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10 Questions: Bob Sala

Meet Bob Sala. You might have come across his work - cinematic 60s-70s ambient stills that remind you of your mother’s childhood (or for some, your own). His (portrait) images go beyond making a fashion statement on a particular era; they tell a story of society and culture.

10 Questions: Vittore Buzzi

Milan based photojournalist Vittore Buzzi's photography is fuelled by the search to understand and accept reality - which translates into an exceptional eye for capturing moments and stories.

10 Questions: Meg Umberger

When you view Salem based Meg Umberger’s work, you can’t help but to feel the warmth, and the tingling feeling of her passion for creativity.

10 Questions: Alex James

Alex James' work brings drama and cinematic atmosphere into life - making ordinary moments and landscapes extraordinary.

10 Questions: Twyla Jones

Twyla Jones' work is both honest and surreal to me; it evokes emotions that hit you deep down and leave an imprint.

10 Questions: Darina Stoda

Darina Stoda was born in Estonia - a place of forests and rivers straight out of folklore, and has since lived for many years in Norfolk (UK) surrounded by large wild spaces and ocean. Even though I’ve never been to Norfolk or most parts of the UK, when I see Darina’s work, I can almost smell and feel the crisp air - her dreamy approach to incorporating nature in her story telling is inviting.


10 Questions: Jakub Fabijański

What is very inspiring is Jakub Fabijanski’s work, which brings a kind of dreamy cinematic take to photojournalism that you can’t help but to fall in love, along with the people in his photographs.

10 Questions: Don & Helen Bringas

Based in Spain, Don & Helen document weddings all over the world. Don & Helen’s work speaks humour, spontaneity and most importantly, the emotional connection to a moment captured in their frame forever.

10 Questions: Jesus Caballero

Portugal based photographer Jesus Caballero, traded in a career as a biologist for photography. Trained professionally in photojournalism (even mentored by a Magnum photographer), Jesus skillfully combines lifestyle with photojournalism to give wedding a fine art visual voice.

10 Questions: Susann and Yannic

Berlin based photographers Susann and Yannic created a food blog “KrautKopf” 2 years ago to share their love on making good food during the off Wedding season (Winter months) and have not looked back since.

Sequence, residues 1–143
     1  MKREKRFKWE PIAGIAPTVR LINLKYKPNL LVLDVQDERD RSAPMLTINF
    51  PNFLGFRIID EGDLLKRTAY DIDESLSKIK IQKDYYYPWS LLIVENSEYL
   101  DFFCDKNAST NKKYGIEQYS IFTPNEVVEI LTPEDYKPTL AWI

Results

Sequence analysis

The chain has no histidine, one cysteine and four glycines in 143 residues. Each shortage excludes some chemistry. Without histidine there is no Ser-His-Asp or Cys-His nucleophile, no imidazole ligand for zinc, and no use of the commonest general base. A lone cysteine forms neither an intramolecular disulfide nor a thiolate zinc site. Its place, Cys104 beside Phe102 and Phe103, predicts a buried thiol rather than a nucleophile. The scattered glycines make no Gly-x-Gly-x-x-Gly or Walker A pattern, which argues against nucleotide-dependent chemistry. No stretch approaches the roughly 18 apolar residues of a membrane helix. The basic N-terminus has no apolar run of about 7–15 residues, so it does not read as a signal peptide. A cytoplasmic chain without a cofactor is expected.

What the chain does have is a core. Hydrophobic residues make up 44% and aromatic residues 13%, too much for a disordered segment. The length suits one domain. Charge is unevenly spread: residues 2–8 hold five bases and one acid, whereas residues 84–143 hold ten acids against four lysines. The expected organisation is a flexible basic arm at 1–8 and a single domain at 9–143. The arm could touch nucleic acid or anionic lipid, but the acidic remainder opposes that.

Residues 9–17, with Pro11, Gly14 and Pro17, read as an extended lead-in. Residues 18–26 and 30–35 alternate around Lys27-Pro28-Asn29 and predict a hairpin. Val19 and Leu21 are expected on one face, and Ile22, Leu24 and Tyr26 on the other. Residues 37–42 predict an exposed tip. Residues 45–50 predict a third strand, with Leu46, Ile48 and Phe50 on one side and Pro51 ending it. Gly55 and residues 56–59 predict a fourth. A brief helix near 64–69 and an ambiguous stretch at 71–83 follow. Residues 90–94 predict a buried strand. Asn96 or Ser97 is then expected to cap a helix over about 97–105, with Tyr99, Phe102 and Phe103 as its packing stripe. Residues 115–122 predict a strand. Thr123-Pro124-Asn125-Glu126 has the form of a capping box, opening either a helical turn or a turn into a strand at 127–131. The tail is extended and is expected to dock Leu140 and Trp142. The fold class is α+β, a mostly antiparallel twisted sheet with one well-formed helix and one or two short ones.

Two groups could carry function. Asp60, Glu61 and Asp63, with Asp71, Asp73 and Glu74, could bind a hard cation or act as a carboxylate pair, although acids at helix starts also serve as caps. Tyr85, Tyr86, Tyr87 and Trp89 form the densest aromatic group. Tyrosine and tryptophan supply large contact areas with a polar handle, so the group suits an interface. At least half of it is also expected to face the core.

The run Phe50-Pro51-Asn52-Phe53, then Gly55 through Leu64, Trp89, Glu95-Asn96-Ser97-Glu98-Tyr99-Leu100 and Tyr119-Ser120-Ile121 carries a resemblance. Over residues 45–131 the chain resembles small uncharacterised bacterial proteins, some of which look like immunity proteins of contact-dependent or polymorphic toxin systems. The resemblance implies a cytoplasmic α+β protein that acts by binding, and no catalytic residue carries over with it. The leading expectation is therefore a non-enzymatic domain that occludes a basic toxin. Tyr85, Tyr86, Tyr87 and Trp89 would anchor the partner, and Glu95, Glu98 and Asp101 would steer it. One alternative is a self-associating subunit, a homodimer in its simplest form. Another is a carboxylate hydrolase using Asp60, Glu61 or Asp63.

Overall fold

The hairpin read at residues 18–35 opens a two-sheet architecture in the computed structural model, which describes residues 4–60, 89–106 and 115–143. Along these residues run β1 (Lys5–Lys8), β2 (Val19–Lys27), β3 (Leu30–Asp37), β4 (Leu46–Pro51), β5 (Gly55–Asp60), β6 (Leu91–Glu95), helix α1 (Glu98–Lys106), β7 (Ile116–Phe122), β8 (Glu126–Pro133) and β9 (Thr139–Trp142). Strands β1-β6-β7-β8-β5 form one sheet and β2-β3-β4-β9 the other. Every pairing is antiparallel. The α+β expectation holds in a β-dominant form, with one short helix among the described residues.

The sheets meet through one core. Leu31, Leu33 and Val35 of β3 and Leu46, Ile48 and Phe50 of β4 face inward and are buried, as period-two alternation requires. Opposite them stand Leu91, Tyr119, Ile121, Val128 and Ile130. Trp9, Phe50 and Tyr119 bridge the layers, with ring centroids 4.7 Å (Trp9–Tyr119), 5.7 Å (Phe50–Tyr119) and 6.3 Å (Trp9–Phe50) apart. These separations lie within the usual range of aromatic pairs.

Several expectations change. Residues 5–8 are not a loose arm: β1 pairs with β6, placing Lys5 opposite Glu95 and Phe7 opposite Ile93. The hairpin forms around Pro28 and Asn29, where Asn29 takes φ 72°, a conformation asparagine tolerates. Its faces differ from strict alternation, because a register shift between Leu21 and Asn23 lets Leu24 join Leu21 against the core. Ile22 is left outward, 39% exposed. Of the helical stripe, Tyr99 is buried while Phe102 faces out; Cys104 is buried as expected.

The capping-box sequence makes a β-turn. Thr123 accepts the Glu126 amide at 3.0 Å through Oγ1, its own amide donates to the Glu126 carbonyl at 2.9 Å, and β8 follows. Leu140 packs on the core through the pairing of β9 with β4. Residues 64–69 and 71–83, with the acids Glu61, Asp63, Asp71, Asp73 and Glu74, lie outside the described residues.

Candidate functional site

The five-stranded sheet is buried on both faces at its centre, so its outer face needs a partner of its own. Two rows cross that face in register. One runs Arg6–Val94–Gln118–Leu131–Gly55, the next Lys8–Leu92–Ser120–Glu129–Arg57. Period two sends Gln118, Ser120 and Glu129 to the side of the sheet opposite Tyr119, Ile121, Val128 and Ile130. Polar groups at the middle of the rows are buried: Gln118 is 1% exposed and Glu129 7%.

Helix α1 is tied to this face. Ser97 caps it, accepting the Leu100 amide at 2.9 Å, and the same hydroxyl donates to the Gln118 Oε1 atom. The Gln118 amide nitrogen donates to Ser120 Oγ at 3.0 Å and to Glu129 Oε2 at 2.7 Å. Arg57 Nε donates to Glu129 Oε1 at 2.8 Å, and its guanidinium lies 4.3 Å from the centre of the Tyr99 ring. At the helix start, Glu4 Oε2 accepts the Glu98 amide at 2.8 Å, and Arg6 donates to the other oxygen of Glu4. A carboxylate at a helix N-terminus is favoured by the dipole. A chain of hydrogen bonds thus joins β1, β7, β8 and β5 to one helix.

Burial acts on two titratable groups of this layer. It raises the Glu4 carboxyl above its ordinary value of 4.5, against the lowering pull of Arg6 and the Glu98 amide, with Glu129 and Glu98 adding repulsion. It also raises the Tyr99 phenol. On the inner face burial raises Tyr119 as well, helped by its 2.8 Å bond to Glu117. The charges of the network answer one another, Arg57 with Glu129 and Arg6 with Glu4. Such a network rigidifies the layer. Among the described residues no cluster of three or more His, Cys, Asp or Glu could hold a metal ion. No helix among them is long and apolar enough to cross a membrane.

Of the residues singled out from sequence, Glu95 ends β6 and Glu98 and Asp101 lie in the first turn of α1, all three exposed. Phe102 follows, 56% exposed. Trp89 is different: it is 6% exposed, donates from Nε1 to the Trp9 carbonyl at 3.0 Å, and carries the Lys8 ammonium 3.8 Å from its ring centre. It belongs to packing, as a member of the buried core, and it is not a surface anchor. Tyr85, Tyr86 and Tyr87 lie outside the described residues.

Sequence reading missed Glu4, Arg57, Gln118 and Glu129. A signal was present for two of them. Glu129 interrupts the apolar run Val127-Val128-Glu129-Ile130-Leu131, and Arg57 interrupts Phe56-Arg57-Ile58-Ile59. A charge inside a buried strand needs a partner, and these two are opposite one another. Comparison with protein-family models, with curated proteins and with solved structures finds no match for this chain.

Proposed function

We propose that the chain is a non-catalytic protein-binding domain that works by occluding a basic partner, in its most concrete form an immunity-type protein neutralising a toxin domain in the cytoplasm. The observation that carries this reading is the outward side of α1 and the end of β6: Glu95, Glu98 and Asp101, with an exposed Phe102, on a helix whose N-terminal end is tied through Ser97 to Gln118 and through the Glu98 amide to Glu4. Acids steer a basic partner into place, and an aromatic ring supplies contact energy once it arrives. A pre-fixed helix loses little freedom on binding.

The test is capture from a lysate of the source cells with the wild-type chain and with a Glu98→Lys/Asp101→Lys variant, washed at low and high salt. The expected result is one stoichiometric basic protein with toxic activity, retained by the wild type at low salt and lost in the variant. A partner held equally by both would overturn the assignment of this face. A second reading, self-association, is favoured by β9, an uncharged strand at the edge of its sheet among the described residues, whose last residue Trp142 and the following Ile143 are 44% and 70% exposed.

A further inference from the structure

10 Questions: Danelle Bohane

Auckland based New Zealand photographer, Danelle Bohane, started photography when her grandfather bought her a camera when she was still young. From there it has been a journey of discovery inspired by her love of people, art and connections.

10 Questions: Jessica Tremp

Australian photographer Jessica Tremp shoots Weddings to pay her bills whilst also being an accomplished fine art photographer. With no formal training in photography, Haunting, poetic and mesmerising - with a strong narration and fluid energy - Jessica’s work draws you in, hungry for clues; wanting more.

10 Questions: Thierry Joubert

French photographer Thierry Jourbert blends childlike openness, and philosophical ideas of trace and sign, with a skill for telling other people’s stories. Unafraid of dreaming big - Thierry’s work showcases his mastery of light and the depth of human emotions.

10 Questions: Junebug

For those in the wedding industry, Junebug Weddings is a familiar name. Based in SeattleJunebug was formed in 2006 and is now one of the leading international wedding blogs. In this special interview with Junebug Weddings, we reveal what it takes to be the world’s leading wedding resource, and where Junebug predicts the Wedding industry will be in 10 years’ time.

10 Questions: The Eagle Hunters with Sasha Leahovcenco

Sasha Leahovcenco’s passion for documentary photography is evident through his personal work. Sasha’s Eagle Hunter work provides a striking sense of what it must be like living in those amazing landscapes and harsh conditions, and you feel their pride in keeping with their long standing traditions. Come read our special 10+4 Questions interview.

10 Questions: Yoris Couegnoux

Yoris Couegnoux's work showcases great skill in capturing light, combined with sensitive narration. His work transports you to a cinema set, as if you were watching a modern interpretation of a classic film.

10 Questions: Lilli Waters

Melbourne based photographer Lilli Waters' photos are widely exhibited and published. Her practice draws inspiration from nature; there’s a rawness and openness centred around female themes, and strong narration that leaves you wanting more.

10 Questions: Sam Hurd

Sam Hurd is well known in the photographic industry for his ‘prisming’ and ‘lens chimping’ techniques - and epic portraits series (of celebrities). Sam is not afraid to experiment. His works reflects a sense of experience, skills and maturity beyond his years yet it still has that freshness in it that is charismatically attractive.

10 Questions: Niki Boon

Niki Boon’s work marries fine art and photojournalism so delicately that the energy and spontaneity captured in her work transports you as if you had lived it yourself, viewing it now almost nostalgically. It’s a testament to what life should be when growing up.

10 Questions: Gary Lashmar

Gary Lashmar's work, commercial and personal, especially his street photography, is the proof of Gary’s passion in life, his unique point of view and approach to life - a style that he alone defines - and he shoots from his heart.

10 Questions: David Heidrich

David Heirdrich’s work reminds you of fairytale stories - art and emotion evoked by out-of-this world settings in ethereal light that David so perfectly and intricately captures.